The Bavarian State Library (Bayerische Staatsbibliothek) was proud to present Christmas Illuminated as an inaugural temporary exhibition at Museum of the Bible. This exhibition featured magnificent German, Flemish, French and Italian manuscripts from the fourteenth to sixteenth centuries, illustrating the Christmas story from the annunciation to the flight to Egypt.
Presentations of Christmas first appeared in the fourth century, shortly after this celebration was introduced by the Roman Church. From the outset, Christian theology was occupied above all with the question about the Son of God born as a child, and particularly with the birth of Jesus in the abject conditions of a stable close to Bethlehem that is reported in the Gospel of Luke as the location of the event. Not until the late Middle Ages did artistic depictions begin to suggest the familiar atmosphere with which we associate Christmas celebrations today. Artists transferred the event of God’s incarnation into the environs of the affluent European city-states, and they placed their conceptualizations of nature into surroundings not unlike our own. Even today, a great number of greeting cards sent out at Christmas show miniatures from the fifteenth and early sixteenth centuries, displaying the illustrations from old German, Dutch, Flemish, French, and Italian manuscripts.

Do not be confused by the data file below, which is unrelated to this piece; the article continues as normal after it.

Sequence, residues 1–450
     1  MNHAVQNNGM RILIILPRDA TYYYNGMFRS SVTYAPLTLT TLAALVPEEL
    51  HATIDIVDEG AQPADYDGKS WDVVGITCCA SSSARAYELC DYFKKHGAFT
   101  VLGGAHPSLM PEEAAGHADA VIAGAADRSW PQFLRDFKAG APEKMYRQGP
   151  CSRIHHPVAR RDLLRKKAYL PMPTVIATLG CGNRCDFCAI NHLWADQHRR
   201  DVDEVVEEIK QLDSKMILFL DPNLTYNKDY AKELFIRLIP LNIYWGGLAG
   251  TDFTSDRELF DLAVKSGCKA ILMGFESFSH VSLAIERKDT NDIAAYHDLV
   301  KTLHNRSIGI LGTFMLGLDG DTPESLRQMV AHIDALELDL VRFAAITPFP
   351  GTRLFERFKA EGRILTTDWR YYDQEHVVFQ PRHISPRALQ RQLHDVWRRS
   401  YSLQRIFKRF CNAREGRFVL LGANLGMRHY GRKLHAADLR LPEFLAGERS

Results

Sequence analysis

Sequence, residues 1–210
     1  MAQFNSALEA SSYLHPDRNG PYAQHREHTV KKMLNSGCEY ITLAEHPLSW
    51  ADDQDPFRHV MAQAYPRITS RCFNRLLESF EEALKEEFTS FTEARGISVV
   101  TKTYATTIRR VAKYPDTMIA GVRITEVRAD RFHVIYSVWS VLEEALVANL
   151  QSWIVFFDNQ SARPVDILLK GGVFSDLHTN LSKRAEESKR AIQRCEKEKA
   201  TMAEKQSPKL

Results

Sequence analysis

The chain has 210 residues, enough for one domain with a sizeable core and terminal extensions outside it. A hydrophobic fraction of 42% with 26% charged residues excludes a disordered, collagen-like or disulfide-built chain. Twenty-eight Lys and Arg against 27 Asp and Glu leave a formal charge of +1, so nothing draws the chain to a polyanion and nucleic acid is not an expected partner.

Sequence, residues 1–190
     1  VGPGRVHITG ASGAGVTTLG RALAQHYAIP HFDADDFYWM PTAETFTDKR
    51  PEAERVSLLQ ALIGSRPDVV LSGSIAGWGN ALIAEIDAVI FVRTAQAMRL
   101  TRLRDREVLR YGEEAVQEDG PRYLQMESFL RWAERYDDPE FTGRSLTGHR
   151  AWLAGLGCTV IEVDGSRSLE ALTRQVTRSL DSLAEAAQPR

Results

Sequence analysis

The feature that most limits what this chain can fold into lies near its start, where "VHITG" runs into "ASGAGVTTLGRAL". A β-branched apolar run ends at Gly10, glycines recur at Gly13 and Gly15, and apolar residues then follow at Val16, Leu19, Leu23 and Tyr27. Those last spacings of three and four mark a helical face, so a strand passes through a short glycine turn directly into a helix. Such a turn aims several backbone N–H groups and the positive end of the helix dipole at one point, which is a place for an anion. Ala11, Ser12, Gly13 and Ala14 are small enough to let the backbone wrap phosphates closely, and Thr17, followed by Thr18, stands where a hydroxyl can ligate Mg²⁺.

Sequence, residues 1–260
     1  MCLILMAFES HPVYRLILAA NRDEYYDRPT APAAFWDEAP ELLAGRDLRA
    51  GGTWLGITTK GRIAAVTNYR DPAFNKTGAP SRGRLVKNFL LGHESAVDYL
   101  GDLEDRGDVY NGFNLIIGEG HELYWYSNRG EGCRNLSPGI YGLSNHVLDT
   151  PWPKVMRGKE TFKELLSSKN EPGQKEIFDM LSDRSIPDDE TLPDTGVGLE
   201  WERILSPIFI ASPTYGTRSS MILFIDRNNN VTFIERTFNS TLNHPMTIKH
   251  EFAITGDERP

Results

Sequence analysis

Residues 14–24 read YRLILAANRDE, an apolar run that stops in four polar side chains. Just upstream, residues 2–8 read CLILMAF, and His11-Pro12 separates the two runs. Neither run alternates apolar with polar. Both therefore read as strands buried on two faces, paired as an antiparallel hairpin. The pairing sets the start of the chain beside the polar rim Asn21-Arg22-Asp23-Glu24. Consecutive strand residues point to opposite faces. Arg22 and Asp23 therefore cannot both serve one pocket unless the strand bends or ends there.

The exhibition presented the Christmas story as observed in European book illumination of specifically these regions and this era. Altogether, twelve originals were exhibited. They belonged to the most beautiful and valuable codices of this epoch held by the Bavarian State Library.
The first object on display, the missal of Pierre d‘Estaing , integrates the events associated with the cycle of Christmas celebrations into the entire course of Jesus’s life. Even before the annunciation to Mary, the inspiration of the Old Testament prophets by God the Father is depicted. This miniature illustrates God’s council of redemption. Only that inspiration could facilitate the messianic prophecies that the church applied to Jesus. Illustrations of other manuscripts were also exhibited: the annunciation to Mary, the visitation, the search for an inn, the birth of Jesus, the proclamation to the shepherds, the adoration of the shepherds as well as those by the magi, the circumcision of Jesus, and the flight to Egypt.
These major works of art history from 1374 to around 1530, some of the Bavarian State Library’s most important European manuscripts of the late medieval/early modern era, were presented for the first time together at Museum of the Bible with a focus on Christmas scenes.
November 18, 2017 - Janurary 31, 2018